Joshua Hale Fialkov

Purveyor of sheer awesomeness.

Joshua Hale Fialkov is the Harvey, Eisner, and Emmy Award nominated writer of graphic novels, animation, video games, film, and television, including:

THE LIFE AFTER, THE BUNKER, PUNKS, ELK'S RUN, TUMOR, ECHOES, KING, PACIFIC RIM, THE ULTIMATES, I, VAMPIRE, and JEFF STEINBERG CHAMPION OF EARTH. He's also written for NBC's CHICAGO MED and SYFY's upcoming INCORPORATED.

Psycho

So, here's a no-brainer, right? One of the quintessential Horror films of all time, that just happens to be one of the quintessential Hitchcock films. The movie is sheer tense brilliance where the horror comes from where it should come from... the plot and the characters. Up until the final reveals of Norman and the Fruit Cellar, the paranioa and confusion is so overwhelming that you're kept on the edge of your seat, hoping... praying that whatever happens... happens and it doesn't hurt you.

The movie works as almost a selection of shorts with an interwoven plot. The first third dealing with Marion, the second works as an interlude following the private eye, and then the pot boiler ending section. Sure, plot wise they're all the same, but the tone is quite divurgent... I'd say the first section has more to do with the later films, like Marnie, the second a nod to the early Detective Noirs, and the final section is pure North by Northwest.... plus a rotting corpse.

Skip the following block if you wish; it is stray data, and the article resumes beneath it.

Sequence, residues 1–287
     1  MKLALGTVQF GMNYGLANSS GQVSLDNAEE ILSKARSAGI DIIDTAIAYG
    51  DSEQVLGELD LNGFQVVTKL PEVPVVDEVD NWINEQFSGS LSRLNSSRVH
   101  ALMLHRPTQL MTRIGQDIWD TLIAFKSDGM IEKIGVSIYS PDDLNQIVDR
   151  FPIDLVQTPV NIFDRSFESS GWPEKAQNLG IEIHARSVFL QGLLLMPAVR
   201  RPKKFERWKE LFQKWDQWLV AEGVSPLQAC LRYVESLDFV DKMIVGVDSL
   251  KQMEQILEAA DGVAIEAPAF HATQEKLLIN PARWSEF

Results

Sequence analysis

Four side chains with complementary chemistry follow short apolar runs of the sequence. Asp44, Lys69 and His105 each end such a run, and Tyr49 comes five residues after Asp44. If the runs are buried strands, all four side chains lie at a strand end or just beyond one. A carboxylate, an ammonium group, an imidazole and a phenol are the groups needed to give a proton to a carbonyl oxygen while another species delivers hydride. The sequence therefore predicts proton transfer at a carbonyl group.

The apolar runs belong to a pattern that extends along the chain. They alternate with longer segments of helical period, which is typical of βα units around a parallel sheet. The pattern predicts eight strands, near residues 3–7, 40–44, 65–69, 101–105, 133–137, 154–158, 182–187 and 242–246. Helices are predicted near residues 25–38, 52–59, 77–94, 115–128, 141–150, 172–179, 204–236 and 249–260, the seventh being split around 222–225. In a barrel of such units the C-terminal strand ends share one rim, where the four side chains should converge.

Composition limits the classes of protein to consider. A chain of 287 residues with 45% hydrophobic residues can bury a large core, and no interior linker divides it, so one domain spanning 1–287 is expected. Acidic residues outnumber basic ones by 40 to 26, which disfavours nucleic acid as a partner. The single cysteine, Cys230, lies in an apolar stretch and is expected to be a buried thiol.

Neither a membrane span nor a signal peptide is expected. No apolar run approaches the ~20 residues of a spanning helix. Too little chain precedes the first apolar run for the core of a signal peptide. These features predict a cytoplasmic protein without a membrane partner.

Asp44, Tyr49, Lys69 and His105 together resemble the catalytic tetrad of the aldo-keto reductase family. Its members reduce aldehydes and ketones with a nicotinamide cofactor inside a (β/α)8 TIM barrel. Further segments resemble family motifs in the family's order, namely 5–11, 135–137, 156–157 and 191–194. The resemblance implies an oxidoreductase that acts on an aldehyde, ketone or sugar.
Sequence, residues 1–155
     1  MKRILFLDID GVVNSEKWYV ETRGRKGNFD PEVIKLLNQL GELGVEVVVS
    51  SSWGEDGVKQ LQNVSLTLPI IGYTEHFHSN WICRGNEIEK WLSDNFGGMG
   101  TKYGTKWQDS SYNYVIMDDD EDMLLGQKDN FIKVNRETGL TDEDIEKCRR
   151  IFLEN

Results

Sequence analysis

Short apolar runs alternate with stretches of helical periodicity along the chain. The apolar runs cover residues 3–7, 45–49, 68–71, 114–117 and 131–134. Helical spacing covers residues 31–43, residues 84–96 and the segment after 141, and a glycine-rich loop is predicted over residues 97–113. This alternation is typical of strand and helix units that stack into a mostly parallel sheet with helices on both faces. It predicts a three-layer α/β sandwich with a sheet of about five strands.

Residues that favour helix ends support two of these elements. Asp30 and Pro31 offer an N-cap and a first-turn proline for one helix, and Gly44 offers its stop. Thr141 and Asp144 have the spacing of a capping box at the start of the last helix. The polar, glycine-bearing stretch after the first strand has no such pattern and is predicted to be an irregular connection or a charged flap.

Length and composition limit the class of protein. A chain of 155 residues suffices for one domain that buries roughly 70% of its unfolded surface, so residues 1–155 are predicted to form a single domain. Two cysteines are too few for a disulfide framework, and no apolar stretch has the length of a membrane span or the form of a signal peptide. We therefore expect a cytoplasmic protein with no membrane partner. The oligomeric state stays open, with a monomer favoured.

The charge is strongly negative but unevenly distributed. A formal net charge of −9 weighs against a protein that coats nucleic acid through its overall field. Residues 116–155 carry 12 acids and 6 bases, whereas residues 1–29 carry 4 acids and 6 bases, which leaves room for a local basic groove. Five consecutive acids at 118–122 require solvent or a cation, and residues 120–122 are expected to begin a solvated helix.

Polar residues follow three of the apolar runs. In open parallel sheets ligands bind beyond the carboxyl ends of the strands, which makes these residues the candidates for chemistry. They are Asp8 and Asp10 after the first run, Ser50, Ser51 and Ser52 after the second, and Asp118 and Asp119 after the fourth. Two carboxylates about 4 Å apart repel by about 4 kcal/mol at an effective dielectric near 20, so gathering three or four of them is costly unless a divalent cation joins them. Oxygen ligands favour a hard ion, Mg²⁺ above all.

Interestingly, like Marnie and even a bit in Rope, the only real downside to the film is the psycho-babble at the end. Hitchcock's obsession with putting a fine point on the psychological underpinnings of his heroes and villains is always too much on the nose for me, but, compared to most of the films of the era, it's still expertly executed.

The root of the modern horror movie is Psycho, and yet, we've gotten it so wrong since. Psycho will always remain a terrifying classic with no peer.